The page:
Exception: The way Bharath Bond ETF works is quite different from regular Bond ETFs. Bharath Bond ETFs do come with a fixed maturity. Bharath Bond ETFs don’t provide regular cashflows because they act as growth funds where interest earned is reinvested.

Bonds and Debentures:

Bonds and debentures are debt investment instruments with a Fixed Rate of Return and Fixed Maturity Period. Bonds are securities that are mostly issued by the government, whereas debentures are always issued by corporations. Bonds and Debentures are issued by the entities to raise money from investors as a loan used to fulfill business objectives like entering new markets, starting a new project, or scaling existing businesses.

 

For every bond/debenture issue, fixed interest payments (Coupons) are made regularly on pre-specified dates. The principal loan amount(face value per unit of Bond/ Debenture) is paid back on the pre-specified maturity date. Bonds are tradable: an investor can sell/buy bonds in the secondary market at the current market price.
The interest rate varies from one issuance to another, though generally, they are higher than that of FDs and other fixed investment options mentioned above.

Investors can get around 8% to 12 % fixed annual returns
from AAA to A-rated bonds.

Interest earned from bonds will not be subjected to TDS deduction. However, Capital gain tax is applicable if the bond is sold off in between or when a discounted price bond matures at face value. Tax-free bonds are 100% tax-free: investors need not pay a single penny on interest income.

Pros:

  • Bonds provide regular cash flows and come with a fixed maturity so that investors can rely on bond returns.
  • Investors can sell bonds in the secondary market at any time.
  • If bond prices increase then, investors can resell to earn capital gains.
  • Investors can take a loan against bonds. To meet your emergency requirement, you need not sell bonds. You can avail loans and continue to hold bonds or can sell them whenever market conditions are in your favor.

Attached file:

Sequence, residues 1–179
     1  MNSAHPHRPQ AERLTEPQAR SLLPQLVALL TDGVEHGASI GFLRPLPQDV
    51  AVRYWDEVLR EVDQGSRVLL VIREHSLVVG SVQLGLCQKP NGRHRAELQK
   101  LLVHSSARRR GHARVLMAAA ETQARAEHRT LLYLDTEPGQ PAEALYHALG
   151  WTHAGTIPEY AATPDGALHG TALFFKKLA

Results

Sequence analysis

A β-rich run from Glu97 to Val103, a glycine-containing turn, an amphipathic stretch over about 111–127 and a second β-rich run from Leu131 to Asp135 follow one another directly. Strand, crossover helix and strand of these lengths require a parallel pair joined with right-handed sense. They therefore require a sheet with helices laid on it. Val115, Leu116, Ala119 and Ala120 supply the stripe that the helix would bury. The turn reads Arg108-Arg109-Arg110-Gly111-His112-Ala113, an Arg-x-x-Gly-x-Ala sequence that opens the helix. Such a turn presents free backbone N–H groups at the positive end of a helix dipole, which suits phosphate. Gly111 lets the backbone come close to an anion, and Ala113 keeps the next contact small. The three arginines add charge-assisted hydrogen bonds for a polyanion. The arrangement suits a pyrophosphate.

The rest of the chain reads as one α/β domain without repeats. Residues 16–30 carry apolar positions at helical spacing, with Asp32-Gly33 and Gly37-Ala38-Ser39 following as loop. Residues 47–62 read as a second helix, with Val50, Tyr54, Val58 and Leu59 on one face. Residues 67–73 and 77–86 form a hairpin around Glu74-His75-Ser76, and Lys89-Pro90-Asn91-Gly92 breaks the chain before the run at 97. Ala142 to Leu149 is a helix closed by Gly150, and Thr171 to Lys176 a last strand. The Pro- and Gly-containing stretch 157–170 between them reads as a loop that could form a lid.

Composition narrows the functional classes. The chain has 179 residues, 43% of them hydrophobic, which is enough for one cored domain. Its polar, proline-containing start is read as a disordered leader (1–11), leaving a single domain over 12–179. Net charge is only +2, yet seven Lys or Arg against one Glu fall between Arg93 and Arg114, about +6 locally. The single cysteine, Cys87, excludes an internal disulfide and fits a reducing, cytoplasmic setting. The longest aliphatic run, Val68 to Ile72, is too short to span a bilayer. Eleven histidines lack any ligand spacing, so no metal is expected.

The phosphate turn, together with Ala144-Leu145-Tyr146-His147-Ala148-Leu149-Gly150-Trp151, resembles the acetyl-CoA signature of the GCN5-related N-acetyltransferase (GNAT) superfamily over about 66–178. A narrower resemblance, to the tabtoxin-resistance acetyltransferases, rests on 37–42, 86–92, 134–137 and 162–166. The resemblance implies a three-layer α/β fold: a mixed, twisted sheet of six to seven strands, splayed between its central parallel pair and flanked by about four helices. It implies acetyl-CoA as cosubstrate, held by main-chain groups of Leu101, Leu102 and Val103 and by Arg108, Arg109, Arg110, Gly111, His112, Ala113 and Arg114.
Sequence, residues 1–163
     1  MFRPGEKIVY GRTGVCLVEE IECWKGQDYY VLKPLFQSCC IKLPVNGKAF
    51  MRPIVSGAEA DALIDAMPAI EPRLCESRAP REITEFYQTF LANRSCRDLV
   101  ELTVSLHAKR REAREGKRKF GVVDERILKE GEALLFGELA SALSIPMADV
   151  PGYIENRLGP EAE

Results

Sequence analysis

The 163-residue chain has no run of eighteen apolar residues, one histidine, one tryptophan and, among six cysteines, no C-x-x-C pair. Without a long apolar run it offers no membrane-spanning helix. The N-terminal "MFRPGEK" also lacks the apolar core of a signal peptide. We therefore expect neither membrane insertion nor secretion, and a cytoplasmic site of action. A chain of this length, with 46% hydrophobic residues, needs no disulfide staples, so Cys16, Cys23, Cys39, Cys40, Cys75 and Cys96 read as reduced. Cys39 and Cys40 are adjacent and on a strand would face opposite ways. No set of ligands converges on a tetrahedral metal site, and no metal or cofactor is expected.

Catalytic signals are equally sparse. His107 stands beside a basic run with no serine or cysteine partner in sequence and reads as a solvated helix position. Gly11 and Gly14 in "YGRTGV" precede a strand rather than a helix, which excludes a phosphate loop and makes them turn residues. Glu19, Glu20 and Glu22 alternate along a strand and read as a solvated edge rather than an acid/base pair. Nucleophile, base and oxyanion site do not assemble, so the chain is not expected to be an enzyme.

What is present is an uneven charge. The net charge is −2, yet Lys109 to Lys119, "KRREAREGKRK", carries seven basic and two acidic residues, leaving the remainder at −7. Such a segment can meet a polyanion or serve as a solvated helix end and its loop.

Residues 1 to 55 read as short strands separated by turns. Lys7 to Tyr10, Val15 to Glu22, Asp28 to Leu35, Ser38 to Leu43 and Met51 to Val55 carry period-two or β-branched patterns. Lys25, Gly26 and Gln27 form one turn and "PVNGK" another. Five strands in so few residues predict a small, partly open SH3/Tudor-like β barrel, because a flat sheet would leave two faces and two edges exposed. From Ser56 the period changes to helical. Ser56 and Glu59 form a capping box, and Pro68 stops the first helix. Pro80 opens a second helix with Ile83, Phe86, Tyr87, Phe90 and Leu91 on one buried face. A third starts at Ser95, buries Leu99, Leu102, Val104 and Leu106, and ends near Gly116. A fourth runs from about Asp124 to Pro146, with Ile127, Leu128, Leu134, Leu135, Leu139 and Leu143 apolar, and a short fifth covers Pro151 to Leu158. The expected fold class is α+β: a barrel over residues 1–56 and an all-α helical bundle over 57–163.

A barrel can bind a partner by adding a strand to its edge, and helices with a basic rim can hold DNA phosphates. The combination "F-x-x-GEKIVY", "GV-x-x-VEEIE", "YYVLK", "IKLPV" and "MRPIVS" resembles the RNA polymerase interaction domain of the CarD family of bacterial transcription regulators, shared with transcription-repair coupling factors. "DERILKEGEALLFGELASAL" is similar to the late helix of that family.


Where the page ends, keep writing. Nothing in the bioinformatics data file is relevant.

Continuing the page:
Cons:

  • The investor is exposed to default risk. By investing in high-rated bonds, e.g., AAA default risk can be mitigated.
  • Bonds are not easily accessible to individual investors; hence they are not very liquid in nature.

To explore A to AAA-rated bonds, click here.

All fixed income instruments fall into the category of low-risk investments. Which is the best?

 

Bond ETFs have no maturity. The maximum amount that can be invested in PPF is 1.5 lakh per year. FDs are not tradable. Whereas Bonds have fixed maturity, there is no limit on the investment amount, and are tradable. The advantages of bond investment are listed here in this blog; you can read it.

Every investment instrument comes with a few advantages, so investors need to match their financial goals and investment. We hope this blog helps you to understand and appreciate the Fixed Income Market so that you can diversify and balance your investment portfolio.

 

Related Posts

2 comments

Priti October 13, 2020 - 8:09 am

I want to invest in bond.so kindly contact me on this no.9769242311

Reply
GoldenPi
GoldenPi October 13, 2020 - 11:00 am

Sure, our Operations Manager wil reach you soon.

Reply

Leave a Comment

© 2017-2020 GoldenPi Technologies Pvt Ltd